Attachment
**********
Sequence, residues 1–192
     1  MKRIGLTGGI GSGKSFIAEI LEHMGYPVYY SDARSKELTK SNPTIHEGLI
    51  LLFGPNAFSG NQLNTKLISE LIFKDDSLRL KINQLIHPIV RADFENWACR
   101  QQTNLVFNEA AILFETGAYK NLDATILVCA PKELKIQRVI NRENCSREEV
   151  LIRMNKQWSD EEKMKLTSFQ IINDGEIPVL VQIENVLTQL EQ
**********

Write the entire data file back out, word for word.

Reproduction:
Sequence, residues 1–192
     1  MKRIGLTGGI GSGKSFIAEI LEHMGYPVYY SDARSKELTK SNPTIHEGLI
    51  LLFGPNAFSG NQLNTKLISE LIFKDDSLRL KINQLIHPIV RADFENWACR
   101  QQTNLVFNEA AILFETGAYK NLDATILVCA PKELKIQRVI NRENCSREEV
   151  LIRMNKQWSD EEKMKLTSFQ IINDGEIPVL VQIENVLTQL EQ